We all know the grim facts about female leadership. Women make up half of the U.S. workforce but represent only 25 percent of the technology industry; they lead only eight percent of technology start-ups. Women fill less than 15 percent of executive officer positions at Fortune 500 companies and make up just 3.4 percent of CEOs.
And all the while there are convincing reports of women being better leaders than men. For example, In their latest Harvard Business Review blog post Jack Zenger and Joseph Folkman presented their study that shows that women outscore men not only in taking initiative and driving for results -- traits that have long been thought of as particularly male strengths -- but also in developing and motivating others, building relationships, collaboration and problem-solving (among others).
So why aren't there more female leaders among us? This is the question that is particularly relevant for male-dominated industries like technology, but applicable everywhere else. I believe that one of the answers lie in the lack of mentorship, in the lack of both mentors and mentees.
If you look at the entrepreneurship landscape, you still see that it is dominated by men. But without women in high places, younger women lack the role models and mentors to help them succeed. Younger generations of women need to have someone to look up to, someone to show them the ropes and limitless possibilities, to help them believe. That is why it is increasingly crucial that women who have made it to the top of the organization commit to guiding other women towards similar success, take a larger role and responsibility in 'raising' the next generation of female leaders. Unfortunately, most of the time the environment and culture within organizations are still very much biased and women in power have to spend a lot of their energy trying to compete with their male counterparts, working extra hard to prove their value to the organization, leaving no time for important task of mentorship.
I also believe that it is also our responsibility to ask for mentorship. We just automatically assume that we will not get it. Women need to actively seek mentorship, male or female. A lot of times us, women, don't give enough credit to our male counterparts to guide us in the right direction. But more often than not women in power cite their male mentors being crucial to their success.
Mentorship is the topic that the five of us explored at the panel at South by Southwest this year. The panel was moderated by Cat Posey and included Nilofer Merchant, Leslie Bradshaw, Margot Bloomstein and yours truly. Today I wanted to share some of the advice participants offered to the audience with you.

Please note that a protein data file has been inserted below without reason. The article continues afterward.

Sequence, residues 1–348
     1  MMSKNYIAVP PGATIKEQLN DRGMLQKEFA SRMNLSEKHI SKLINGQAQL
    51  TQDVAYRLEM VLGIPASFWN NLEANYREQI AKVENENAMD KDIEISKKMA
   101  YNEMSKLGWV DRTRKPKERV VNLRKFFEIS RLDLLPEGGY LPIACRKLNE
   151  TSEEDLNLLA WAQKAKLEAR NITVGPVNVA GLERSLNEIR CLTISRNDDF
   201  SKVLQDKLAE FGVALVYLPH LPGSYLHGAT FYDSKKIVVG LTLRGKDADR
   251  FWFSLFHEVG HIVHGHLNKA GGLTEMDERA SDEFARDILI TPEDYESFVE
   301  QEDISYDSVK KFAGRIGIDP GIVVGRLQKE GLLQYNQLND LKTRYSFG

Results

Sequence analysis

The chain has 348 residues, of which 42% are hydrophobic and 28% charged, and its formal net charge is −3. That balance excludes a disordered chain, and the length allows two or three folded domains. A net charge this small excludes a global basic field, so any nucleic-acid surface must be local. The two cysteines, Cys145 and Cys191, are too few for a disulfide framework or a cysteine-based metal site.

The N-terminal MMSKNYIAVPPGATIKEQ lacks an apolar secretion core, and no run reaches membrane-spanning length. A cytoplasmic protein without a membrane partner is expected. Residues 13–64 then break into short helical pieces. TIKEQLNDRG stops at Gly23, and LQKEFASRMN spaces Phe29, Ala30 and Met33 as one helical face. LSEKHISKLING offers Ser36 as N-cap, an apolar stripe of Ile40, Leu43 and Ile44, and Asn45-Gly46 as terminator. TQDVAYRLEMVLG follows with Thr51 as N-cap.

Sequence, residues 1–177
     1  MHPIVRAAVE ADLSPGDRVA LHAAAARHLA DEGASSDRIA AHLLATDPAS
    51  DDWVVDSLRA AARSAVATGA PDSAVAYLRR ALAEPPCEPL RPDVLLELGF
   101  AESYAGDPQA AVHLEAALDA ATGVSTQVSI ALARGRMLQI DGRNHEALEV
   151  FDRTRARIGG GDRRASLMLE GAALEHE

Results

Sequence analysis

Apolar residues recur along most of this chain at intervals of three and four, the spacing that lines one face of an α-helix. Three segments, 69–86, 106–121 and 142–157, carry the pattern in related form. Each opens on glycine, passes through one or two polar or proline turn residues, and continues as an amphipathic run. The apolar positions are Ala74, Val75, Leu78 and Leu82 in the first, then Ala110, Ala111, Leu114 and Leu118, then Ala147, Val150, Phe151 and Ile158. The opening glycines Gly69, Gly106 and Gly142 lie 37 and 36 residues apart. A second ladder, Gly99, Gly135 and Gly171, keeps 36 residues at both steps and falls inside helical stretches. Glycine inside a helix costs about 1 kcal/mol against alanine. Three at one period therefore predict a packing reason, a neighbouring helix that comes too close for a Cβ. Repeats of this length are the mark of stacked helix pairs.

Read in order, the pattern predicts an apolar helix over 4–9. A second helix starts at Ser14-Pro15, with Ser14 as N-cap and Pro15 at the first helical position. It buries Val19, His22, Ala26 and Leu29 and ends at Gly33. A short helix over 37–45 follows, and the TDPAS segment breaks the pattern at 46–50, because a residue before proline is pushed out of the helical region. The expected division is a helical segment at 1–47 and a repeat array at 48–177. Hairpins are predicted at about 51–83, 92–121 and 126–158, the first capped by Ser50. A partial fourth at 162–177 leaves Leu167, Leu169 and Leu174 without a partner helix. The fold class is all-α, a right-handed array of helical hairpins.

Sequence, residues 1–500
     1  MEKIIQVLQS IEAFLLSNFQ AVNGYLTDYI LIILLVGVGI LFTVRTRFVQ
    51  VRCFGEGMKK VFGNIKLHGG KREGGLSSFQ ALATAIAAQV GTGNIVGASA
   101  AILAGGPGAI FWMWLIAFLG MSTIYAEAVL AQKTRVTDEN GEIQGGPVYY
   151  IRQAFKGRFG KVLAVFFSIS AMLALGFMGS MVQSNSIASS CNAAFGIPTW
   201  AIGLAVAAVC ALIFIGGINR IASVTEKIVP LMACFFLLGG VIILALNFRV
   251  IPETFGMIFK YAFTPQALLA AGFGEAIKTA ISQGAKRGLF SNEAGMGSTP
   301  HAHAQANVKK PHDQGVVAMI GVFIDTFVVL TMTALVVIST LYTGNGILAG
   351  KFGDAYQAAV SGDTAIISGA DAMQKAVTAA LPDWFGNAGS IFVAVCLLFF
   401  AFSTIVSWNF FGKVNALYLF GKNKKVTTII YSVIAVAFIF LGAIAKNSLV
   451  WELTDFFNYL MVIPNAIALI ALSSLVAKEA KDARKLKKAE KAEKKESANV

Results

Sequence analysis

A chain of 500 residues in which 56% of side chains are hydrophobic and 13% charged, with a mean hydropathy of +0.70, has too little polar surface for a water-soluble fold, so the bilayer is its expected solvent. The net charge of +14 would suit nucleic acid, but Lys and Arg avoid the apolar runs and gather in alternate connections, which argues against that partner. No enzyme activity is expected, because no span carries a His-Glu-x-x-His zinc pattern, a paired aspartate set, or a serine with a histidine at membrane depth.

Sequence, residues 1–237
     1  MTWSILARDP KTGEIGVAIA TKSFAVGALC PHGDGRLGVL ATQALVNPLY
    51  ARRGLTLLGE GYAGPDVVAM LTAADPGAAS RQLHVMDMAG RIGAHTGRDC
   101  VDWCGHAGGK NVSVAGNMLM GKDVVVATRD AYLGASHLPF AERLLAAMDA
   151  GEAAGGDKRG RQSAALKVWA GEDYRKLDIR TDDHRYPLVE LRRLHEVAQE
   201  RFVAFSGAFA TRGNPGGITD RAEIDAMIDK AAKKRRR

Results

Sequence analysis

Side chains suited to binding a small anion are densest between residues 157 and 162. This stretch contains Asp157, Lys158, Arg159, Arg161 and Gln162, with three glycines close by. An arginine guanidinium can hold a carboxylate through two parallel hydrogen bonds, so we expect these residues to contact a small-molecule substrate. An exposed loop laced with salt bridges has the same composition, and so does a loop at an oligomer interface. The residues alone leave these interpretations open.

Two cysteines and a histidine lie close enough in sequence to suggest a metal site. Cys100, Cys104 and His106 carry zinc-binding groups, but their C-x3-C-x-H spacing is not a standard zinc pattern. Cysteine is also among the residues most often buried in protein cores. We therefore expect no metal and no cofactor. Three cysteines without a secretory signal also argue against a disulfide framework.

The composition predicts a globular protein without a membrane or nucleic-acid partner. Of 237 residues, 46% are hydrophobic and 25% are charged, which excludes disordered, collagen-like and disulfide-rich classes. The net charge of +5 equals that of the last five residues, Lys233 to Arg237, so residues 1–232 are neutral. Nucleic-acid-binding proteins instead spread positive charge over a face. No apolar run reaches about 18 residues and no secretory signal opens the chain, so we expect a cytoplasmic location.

We all agreed that a mentor is someone who:
• Has faith in you, pushes you to be better, encourages you to keep moving forward when going gets tough
• Is honest with you, even if truth hurts, and tells you to stop whining if necessary ("tough love")
• Contributes to your knowledge base through sharing experiences and best-known practices
• Opens up his/her rolodex to you and utilizes his/her network to help you succeed
• Helps you towards your own vision by helping align your actions with your goals
• Is consistent and disciplined: puts in the time, gives you homework, sets benchmarks, holds you accountable every step of the way
Here are some additional tips from panelists:
• Mentoring doesn't have to be an altruistic act; it is totally acceptable to have a mutual benefit in this relationship that would help motivate both parties. You can trade your services or help each other in different ways, but it is always best to ensure alignment of incentives.
• Mentees have to know what they want -- that's half the battle.
• It is impossible to meet with everyone who wants your time as a mentor. If you are in that position, create a barrier to entry to ensure your mentees are as dedicated as they expect you to be. Nilofer, for example, asks those seeking her advice to meet her on her terms and to go for a long hike with her which will give the opportunity to have a one-on-one discussion.
• Don't make gender an issue, don't take it personally. People hang out in familiar circles because of the common interests, that's just how networks work. Men, for example, usually play basketball or golf with other men, so they naturally form a network of other men around them. As a woman, you need to become a part of solution, not a part of the problem.
• Ageism is often an issue professionally. So if you are a young woman, you can overcome it by sounding confident, being firm, looking others straight in the eye, and firmly shaking hands.
• As a mentor you have to make a commitment and stick to it no matter what. Your role as a mentor is to push yourself out of the job by your mentee doing it well.
What was our advice to women in the audience?
"You get to define your power," said Nilofer Merchant. "No one will define it for you." And she is right. You are the only one who stands in your way. So I say follow your dreams, don't take no for an answer, reach out to people and establish connections, look for mentors relentlessly and don't let anyone discourage you. Do not let fear stop you; it is okay to fail your way to amazing things! Speak out, take credit for the work you've done and negotiate the heck out of that raise, because guess what -- you deserve it. So own it!
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